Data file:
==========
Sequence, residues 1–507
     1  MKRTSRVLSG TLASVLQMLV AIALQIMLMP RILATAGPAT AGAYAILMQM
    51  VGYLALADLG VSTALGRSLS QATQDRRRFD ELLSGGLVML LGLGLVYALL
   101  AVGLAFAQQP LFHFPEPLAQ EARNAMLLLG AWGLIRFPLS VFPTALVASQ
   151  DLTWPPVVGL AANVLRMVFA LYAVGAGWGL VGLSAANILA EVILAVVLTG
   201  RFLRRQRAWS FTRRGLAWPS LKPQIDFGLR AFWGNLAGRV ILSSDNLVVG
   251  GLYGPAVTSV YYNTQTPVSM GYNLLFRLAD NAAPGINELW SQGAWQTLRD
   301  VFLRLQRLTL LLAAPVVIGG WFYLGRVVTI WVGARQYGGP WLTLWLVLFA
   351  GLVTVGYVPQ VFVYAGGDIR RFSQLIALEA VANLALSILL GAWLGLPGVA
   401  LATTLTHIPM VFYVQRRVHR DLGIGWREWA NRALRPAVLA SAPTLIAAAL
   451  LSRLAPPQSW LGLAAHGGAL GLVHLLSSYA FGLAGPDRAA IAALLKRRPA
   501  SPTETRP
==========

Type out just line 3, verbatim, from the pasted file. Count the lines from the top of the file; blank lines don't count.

    51  VGYLALADLG VSTALGRSLS QATQDRRRFD ELLSGGLVML LGLGLVYALL